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Licensing Opportunity: Novel Scavenger Receptor A1-Targeted Macromolecular Prodrug Platform

Investigators at the NCL have developed a drug delivery platform that targets scavenger receptor A1, a receptor highly expressed in macrophages, monocytes, mast cells, and dendritic cells (myeloid lineages), as well as endothelial cells. The platform is based on the anionic polymer poly(L-lysine succinylated), which contains side chains with pendant carboxylic acids that allow conjugation of drugs through hydrolysable ester bonds and have demonstrated drug release half-lives greater than 10 hours. Through this approach, high levels of prodrug will be preferentially distributed to scavenger receptor A1 expressing cells, such as myeloid/APC, but also to the entire lymphatic system as a result of SR-A1-meditated endothelial transcytosis. Furthermore, active drug is released in a controlled manner – a milestone not yet achieved with current nanomedicine platforms.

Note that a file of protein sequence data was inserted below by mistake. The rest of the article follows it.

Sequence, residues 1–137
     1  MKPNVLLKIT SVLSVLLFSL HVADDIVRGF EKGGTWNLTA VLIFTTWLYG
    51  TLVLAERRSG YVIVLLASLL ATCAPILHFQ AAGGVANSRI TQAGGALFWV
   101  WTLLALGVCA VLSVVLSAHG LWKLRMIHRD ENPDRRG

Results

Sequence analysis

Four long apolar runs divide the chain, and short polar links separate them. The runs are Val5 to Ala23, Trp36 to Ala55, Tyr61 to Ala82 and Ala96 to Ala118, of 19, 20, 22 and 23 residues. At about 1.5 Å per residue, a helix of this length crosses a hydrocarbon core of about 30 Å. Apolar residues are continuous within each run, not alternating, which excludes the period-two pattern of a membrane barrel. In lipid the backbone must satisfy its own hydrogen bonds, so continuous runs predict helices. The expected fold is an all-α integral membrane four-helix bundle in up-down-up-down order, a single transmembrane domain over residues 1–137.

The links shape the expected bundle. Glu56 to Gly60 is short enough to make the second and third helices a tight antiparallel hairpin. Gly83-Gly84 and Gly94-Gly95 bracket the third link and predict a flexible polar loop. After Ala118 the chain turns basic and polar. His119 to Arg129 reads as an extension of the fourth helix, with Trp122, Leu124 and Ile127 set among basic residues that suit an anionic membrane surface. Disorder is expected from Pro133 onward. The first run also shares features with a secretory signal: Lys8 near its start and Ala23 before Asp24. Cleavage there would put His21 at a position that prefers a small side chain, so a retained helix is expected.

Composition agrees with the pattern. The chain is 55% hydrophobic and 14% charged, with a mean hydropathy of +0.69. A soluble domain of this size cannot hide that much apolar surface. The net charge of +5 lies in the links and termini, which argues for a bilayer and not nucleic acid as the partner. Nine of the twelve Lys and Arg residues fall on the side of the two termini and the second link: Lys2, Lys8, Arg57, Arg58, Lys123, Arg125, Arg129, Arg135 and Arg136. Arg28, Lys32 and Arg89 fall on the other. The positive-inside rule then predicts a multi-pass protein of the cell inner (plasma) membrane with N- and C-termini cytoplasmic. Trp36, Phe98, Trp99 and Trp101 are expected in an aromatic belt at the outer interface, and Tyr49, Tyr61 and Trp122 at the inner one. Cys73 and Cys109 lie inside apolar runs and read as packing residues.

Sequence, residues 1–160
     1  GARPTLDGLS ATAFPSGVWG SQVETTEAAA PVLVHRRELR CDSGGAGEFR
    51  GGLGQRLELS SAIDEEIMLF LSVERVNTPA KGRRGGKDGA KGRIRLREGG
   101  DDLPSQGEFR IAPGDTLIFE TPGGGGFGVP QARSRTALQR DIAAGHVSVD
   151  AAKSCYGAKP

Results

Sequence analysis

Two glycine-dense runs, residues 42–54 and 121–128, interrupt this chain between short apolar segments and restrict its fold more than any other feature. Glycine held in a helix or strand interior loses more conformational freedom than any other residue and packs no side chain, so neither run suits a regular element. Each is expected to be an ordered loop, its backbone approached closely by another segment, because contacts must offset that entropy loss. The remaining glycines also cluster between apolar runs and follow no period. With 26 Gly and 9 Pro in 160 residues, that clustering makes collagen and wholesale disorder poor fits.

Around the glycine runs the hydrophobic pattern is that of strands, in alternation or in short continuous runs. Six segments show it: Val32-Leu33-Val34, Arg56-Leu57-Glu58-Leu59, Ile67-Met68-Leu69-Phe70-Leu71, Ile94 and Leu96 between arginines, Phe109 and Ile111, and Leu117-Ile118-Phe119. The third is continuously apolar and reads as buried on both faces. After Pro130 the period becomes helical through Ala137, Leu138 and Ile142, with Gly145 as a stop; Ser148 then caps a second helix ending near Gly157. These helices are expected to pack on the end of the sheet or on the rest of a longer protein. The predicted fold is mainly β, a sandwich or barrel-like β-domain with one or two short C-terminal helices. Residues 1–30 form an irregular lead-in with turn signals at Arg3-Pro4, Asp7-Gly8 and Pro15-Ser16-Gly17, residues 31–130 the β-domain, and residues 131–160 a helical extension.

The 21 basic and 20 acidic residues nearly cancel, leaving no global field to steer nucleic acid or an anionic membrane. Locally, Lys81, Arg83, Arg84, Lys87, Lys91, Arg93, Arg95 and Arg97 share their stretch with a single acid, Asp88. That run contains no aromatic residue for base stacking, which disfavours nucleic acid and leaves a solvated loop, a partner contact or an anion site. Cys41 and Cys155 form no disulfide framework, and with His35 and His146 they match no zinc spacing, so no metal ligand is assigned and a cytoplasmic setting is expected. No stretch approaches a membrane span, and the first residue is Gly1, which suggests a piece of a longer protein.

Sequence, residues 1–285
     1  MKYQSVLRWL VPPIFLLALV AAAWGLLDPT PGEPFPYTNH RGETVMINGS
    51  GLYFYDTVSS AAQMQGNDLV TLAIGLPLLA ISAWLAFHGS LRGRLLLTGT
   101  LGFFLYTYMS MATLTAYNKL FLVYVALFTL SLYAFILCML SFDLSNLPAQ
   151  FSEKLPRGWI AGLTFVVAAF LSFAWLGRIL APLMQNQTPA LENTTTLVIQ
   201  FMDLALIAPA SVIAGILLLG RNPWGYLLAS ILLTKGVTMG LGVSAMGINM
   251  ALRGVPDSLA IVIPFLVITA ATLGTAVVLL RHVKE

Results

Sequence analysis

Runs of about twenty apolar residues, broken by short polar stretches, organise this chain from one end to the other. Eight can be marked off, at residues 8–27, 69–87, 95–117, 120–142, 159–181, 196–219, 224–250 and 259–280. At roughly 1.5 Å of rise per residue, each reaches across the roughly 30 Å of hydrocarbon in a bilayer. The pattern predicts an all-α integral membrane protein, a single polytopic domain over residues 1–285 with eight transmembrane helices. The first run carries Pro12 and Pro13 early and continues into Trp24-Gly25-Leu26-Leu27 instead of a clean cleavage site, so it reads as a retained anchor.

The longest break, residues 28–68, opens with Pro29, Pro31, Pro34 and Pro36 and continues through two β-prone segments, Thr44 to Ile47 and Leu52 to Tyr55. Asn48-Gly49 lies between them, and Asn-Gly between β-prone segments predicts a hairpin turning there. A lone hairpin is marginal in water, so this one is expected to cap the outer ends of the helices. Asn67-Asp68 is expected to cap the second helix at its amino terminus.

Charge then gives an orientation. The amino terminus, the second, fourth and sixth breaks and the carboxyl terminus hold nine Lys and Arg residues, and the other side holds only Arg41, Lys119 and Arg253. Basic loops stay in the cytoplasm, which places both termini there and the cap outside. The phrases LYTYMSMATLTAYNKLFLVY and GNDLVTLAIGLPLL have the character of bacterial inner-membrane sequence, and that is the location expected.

The National Cancer Institute (NCI) seeks licensing and/or co-development research collaborations for this novel polymer drug delivery platform. There is the potential for numerous applications and products, including targeted drug delivery of immunomodulatory small molecule drugs, peptide therapeutics, and vaccine antigens for use in cancer, infectious diseases (e.g., HIV), as well as brain delivery for neurodegenerative conditions and glioma. For more information on licensing and co-development opportunities, please visit

Download a one-page brochure describing the macromolecular prodrug technology here which highlights recent applications of this technology using emtricitabine (HIV nucleoside analog reverse transcriptase inhibitor) and PI-103 (pan-class I PI3K/mTOR inhibitor). In support of the platform’s ability to target latent lymphatic HIV reservoirs, the emtricitabine prodrug was demonstrated in rats to increase active drug concentrations in lymphatic tissues 10-fold over the unformulated drug. In a syngeneic mouse B16 melanoma model, the PI-103 prodrug significantly reduced tumor growth at doses as low as 0.1 mg/kg, and increased the targeted-tumor associated macrophage M1 (anti-tumor):M2 (pro-tumor) ratio by ~4 fold. Even 100-fold higher doses (10 mg/kg) were without clinically apparent toxicity.

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